Tel Aviv Diary April 29-May 3, 2020 - Karen Alkalay-Gut

Tel Aviv Diary - April 29-May-3, 2020 Karen Alkalay-Gut

April 29-May 3, 2020

April 29, 2020

a true independence day - we are totally independent from each other. i have been trying to patch up the mistakes i made on the invitations for the zoom tonight - poets are very fussy - and most of the time they have memories as terrible as my own. but they get huffy when they think they are invited but they aren't. if you want to make the 29 people who are - indeed - reading, tune in here.

Rony Sommek reads my poem in Hebrew

April 30, 2020

Can you picture us standing at the window and rattling the bars? All of us old timers are watching the younger generations going around outside and thinking about how we're going to get out one day. One day. But where will we go? I don'r remember any more. As much as the media hypes the longing for families to be reunited, I fear our grandchildren have forgotten the little they know about us, I know it sounds like we just sit around and look out the window while we're actually quite occupied with maintenance and taking care of stuff.

Our zoom meeting last night was an amazing success in part because people are desperate for communication, there were also some pretty good writers and we had a good time. and being to hear the readers and see them up close was quite amazing. The next one will be soon. But it took a lot of preparation, and a lot of 'clean-up'. And I was quite worn out afterward.

indeer it looks like we're coping amazingly well with this virus - and our curve is evening out nicely. but there is a warning that easing up will make the situation worse. let's place bets.

May 1, 2020

So I'm watching tv and see Dizengoff crowded with unmasked youth, and I get a call from a friend just a bit older than me. He's been trying to hook his daughter up with my son for years, and I'm pretty sure we're going to hear about another plan of his, or maybe some new research he's been doing. But no, after he tells me his daughter came for a visit, he announces the news. "And now she's got corona. And I have to stay home." He's a runner, with no computer skills, and has been severely burdened by quarantine for the past 2 months - like us. "But you've got each other!" he said when i ventured to complain a while ago. he;s right. we don't suffer. and i fool around a lot with zoom and visitors under my window. But sadly I had to refuse even my masseur's invitation. After all, Ezi's going in for his usual biological procedure that reduces his resistance. And I could really really use a massage.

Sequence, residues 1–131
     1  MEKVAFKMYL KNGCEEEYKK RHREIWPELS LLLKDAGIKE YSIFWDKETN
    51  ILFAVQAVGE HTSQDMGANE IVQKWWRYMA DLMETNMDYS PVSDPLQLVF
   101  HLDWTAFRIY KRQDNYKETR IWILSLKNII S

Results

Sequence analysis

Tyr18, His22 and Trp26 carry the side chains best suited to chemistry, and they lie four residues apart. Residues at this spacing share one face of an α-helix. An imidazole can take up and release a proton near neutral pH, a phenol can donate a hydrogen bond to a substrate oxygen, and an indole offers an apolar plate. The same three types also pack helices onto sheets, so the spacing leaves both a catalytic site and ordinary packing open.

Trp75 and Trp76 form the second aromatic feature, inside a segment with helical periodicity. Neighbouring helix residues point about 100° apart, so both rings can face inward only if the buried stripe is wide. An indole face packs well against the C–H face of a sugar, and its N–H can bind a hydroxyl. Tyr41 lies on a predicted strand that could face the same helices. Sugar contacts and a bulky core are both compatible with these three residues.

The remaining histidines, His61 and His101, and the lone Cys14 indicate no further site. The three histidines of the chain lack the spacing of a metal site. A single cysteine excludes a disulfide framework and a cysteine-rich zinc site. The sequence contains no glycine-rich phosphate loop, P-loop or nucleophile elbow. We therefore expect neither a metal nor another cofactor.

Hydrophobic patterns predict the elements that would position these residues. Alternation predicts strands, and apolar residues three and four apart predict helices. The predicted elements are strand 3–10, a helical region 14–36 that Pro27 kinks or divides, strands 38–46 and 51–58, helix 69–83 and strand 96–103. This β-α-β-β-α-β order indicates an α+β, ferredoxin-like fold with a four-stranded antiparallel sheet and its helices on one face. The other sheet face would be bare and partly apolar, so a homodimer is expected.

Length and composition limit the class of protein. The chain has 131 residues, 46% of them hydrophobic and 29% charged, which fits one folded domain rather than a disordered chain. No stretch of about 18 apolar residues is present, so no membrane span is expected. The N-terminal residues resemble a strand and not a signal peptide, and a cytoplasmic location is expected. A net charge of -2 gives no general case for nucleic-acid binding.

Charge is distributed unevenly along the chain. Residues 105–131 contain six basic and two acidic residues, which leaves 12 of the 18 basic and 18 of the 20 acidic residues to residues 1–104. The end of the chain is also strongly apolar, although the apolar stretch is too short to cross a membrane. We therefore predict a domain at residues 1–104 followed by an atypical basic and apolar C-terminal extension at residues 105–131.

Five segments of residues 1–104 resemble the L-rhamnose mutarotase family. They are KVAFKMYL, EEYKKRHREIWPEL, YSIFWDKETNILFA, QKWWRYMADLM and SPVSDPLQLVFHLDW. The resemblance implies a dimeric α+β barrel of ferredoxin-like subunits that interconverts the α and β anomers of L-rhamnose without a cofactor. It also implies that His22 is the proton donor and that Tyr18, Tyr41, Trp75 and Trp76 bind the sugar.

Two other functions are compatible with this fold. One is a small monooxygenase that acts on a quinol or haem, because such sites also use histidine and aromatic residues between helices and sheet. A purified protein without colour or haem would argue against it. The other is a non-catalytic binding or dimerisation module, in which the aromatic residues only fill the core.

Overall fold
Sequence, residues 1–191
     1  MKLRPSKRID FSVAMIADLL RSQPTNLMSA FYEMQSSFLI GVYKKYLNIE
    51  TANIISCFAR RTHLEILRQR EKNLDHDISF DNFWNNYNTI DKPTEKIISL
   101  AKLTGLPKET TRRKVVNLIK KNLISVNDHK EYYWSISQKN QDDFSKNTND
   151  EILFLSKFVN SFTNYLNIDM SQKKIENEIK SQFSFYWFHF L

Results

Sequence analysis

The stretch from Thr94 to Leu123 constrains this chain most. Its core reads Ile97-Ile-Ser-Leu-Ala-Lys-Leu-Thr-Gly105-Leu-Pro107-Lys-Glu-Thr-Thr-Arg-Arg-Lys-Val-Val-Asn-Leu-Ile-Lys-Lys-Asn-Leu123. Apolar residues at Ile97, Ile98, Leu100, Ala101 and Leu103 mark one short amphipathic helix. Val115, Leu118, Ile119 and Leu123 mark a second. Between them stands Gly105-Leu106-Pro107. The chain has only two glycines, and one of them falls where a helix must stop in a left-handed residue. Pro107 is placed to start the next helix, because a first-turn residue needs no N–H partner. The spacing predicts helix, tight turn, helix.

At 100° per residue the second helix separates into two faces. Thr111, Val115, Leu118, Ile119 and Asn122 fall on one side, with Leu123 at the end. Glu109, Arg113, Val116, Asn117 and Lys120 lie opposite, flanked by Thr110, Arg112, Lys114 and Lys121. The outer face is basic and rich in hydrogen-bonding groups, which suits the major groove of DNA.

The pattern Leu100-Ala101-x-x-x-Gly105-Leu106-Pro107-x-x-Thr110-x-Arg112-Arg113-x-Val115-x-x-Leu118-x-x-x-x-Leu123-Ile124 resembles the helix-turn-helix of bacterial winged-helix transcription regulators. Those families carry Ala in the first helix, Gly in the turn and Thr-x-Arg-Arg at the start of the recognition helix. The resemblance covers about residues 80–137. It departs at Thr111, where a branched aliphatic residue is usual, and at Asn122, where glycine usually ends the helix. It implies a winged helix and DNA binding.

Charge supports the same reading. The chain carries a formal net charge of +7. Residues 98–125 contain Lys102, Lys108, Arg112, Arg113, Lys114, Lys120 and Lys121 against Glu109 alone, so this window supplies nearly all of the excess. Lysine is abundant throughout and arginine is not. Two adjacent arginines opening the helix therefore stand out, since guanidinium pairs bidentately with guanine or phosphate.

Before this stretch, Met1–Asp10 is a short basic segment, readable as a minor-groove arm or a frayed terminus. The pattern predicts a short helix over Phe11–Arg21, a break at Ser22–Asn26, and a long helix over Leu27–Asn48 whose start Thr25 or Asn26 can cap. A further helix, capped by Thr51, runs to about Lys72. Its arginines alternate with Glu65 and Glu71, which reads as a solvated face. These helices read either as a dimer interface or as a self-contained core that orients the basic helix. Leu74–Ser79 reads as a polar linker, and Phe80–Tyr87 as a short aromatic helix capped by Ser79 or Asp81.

Did I tell you that my article, "Why I Write in Yiddish" came out? it should be here

May 2, 2020

i confess - we broke the lockdown - last night we watched a movie with Oren. today we picnicked behind the building with grandchildren. We even dropped the masks and the social distancing. i know it was wrong and we tried hard to be good - but it was too much to pleasure to resist. tomorrow morning Ezi goes for his 'dance class' (Abba Kovner once called his chemo that when he had to leave for Sloan-Kettering in the middle of a conversation: "Whoops! Sorry! Time for my dance class1" It still breaks me up.) and it means sitting there for hours and hours. I think that's what made us so weak. But everyone seems to be 'weak.' they're even coming out with new theories to justify crowding into the beaches and parks. Someone told me that you have to be with an other up close for a long time before they can infect you. no one of authority has said that, but it sounds good. We'll see what happens to us and what theories are proven right. I guess there is greater danger in riding the hospital elevator to the hematology ward on the 10th floor. and i'm not in condition to walk all the way up.

May 3, 2020

Chaucer always liked this date and mentions it several times. For me, today was not so great. First off, the ward was crowded. really crowded. and in the spirit of social distance, although they require that the patient be accompanied, this time the caregivers were put together in the lobby. So instead of getting coffee and stuff for Ezi and holding his hand during the procedure, i sat with a whole bunch of disgruntled people in masks. And of course, because most non-life threatening treatments had been postponed, there was a long line of patients. I was not comfortable wandering around the hospital in my mask. So I sat in the corner for almost 5 hours, so bored i even took pictures.

and kept myself busy by texting Ezi, until we came home to sleep. Now my body hurts from sitting so long. and i've got no energy to cook, clean, wash, etc. It seems to me that in retrospect the idea of putting off treatments like Ezi's was not helpful. of course everything is in retrospect. we'll be judging everything we did to counter the corona virus for years to come.

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